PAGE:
Special Topics#

Working together an merging files/pull requests#

Show them how to merge and resolve merge conflicts. There may already be some conflicts from the previous excercises!


  • as shown earlier, working collaboratively might require you to separate the tasks and do them in several branches. However, once task is finialized a merging step into the main branch might be necessary as a final step.

  • the git merge coomand allows you to merge a specific branch into the current branch you are on. Therefore, in case you wish to merge the branch feature into the main branch and currently you are on the feature branch, please follow these steps:

    • switch to the main branch first by typing: git checkout main

    • once ready, you can merge your feature branch into the main by typing: git merge feature

    • In case you only worked in separate files that were not modified or created by someone else in the main branch, then the merge will happen conflict free and create a new commit in the history of the main branch.

    • Otherwise, the merge will be aborted and the conflicted files will be merged and contain the changes of the two versions. However, the conflicted content will be separated by something like this:
      <<<<<<<<<<<<<< HEAD
      some content modified on the main branch by someone else
      your feature branch changes on the same content
      >>>>>>>>>>>>>>> new_feature_branch

    • all conflicts must be solved before the branch is merged successfully. For that there are several options:

      • either you accept the others’ changes

      • force your changes to be chosen

      • modify the conflicted files manually and commit the new conflict solution


  • similar to merging, rebasing can be used to move the commits and changes from one place to another, either to another branch or can be used in the same branch as well. The key difference here is that it does not necessarily create a new commit after rebasing the feature branch into the main.

  • However, it used as an alternative to merging, then only with outmost careful specially if many are working in the to be rebased branch since after rebasing all the commits will be moved and a new commit hash will be generated for each one of them. Thus, resulting a conflict chaos with the working colleagues on the same branch. So use it with caution unless you are working alone in the branch.

  • In case used in the same branch, then rebasing can be used to squash the commits together into one in order to shorten the history in case of many minimal commits were created.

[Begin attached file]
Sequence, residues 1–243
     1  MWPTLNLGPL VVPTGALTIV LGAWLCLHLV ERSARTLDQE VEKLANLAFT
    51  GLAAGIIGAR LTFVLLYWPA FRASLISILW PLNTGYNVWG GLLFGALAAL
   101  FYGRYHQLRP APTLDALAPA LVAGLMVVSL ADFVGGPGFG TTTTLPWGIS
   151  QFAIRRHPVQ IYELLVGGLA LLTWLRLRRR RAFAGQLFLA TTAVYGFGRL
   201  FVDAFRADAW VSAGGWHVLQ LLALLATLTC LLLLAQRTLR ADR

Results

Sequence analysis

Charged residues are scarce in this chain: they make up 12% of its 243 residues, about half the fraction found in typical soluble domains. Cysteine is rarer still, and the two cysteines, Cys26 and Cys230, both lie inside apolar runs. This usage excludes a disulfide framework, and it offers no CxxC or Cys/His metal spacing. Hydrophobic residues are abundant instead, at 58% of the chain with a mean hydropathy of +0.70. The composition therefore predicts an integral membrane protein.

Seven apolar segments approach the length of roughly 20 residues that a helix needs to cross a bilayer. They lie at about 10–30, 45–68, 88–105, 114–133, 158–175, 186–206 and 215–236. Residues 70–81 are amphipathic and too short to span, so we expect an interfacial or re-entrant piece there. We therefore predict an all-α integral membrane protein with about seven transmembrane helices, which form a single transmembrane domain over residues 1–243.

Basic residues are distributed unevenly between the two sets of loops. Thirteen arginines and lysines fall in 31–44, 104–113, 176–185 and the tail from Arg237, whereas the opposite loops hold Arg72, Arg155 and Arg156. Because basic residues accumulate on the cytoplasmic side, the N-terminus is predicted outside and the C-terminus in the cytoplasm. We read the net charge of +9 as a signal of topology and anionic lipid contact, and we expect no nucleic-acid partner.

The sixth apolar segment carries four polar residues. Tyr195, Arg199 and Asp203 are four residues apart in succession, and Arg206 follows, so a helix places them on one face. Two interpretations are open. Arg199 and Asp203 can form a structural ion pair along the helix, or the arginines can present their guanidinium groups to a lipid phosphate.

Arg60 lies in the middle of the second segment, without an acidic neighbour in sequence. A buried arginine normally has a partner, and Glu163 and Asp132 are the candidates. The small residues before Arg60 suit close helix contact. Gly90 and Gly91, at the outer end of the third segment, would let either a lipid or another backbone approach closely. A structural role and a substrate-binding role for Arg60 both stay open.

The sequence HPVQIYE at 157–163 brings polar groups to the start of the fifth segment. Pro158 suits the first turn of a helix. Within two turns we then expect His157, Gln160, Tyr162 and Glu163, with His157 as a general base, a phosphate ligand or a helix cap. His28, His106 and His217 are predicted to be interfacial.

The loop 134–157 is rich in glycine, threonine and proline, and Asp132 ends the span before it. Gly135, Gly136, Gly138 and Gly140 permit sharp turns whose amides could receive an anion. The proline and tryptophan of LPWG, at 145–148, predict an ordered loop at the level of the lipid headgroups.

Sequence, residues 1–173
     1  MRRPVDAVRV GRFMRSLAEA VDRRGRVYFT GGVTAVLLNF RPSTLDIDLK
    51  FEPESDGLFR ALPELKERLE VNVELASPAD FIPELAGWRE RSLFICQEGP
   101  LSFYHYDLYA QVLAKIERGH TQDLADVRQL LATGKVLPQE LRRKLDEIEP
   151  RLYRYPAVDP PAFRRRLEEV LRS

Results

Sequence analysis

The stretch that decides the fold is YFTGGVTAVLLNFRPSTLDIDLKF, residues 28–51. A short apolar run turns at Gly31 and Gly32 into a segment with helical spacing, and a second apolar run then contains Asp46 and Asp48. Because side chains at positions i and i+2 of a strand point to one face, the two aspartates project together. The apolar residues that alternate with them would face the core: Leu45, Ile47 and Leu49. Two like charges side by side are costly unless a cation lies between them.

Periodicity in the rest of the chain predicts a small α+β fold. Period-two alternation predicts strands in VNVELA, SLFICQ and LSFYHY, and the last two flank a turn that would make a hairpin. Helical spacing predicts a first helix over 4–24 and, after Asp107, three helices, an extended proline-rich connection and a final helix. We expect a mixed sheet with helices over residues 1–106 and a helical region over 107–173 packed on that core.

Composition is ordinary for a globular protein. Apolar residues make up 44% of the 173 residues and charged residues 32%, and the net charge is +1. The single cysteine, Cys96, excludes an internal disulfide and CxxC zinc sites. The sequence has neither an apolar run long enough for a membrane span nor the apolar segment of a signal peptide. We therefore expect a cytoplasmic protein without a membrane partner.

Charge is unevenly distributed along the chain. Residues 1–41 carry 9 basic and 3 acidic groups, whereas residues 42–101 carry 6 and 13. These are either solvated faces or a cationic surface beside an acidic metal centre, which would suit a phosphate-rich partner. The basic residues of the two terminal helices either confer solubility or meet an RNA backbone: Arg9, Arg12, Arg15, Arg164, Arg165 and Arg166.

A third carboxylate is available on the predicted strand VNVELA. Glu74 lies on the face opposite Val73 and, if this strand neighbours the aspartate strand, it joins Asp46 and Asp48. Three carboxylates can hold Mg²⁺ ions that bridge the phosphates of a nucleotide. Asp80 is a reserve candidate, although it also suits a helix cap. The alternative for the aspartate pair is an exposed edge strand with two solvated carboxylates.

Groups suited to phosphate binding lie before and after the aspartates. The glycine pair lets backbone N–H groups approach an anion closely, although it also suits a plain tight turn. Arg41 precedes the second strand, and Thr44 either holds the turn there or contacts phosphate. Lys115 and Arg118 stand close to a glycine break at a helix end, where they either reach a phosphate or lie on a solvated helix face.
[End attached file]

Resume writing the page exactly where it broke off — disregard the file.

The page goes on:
• To rebase the current feature branch into the main, just type git rebase main and the feature branch will be entirely rebased to the main branch’s HEAD.

  • There is also the option –interactive which starts rebasing in interactive mode with several different actions, such as squash specific commits together, picking specific commits to rebase or even drop some of the commits.

  • In case of interest for more details look here.


Again use git rebase with outmost caution!

git cherrypick#

  • git cherry-pick is one of the useful and simple commands for git. It applies a specific commit to your current working tree. The commit could be as well in another branch

  • It requires your working tree to be clean (no modifications from the HEAD commit)

  • Example:

    • git cherry-pick commithash

    • git cherry-pick master~4 master~2

    • Apply the changes introduced by the fifth and third last commits pointed to by master and create 2 new commits with these changes.

git stash#

  • When do I need to use git stash?

    • When you want to record the current state of your directory and branch but want to switch to another branch, or go back to a clean directory

    • You don’t want to commit your experimental changes

    • Save your un-committed changes in a “stash”

  • What does the command do?

    • Save you current status and revert the directory to HEAD

  • Example:

    1. git stash : save your uncommitted changes

    2. git checkout some_branch : change to intended branch

    3. git stash list: lists all you stashes

    4. git stash apply: apply the chosen stash from the list. E.g., git stash apply stash@{1}

Logging and Mistakes#

  • Most common mistake: I committed something to master but it should not have been there

    • git reset HEAD~ --hard : removes the last commit from the master branch

  • You did something wrong , accidentally deleted or just to remove stuff you tried that broke the repo

    • git reflog : you will see all changes you did, even across branches

    • Find the one before you broke everything

    • git reset HEAD@{index}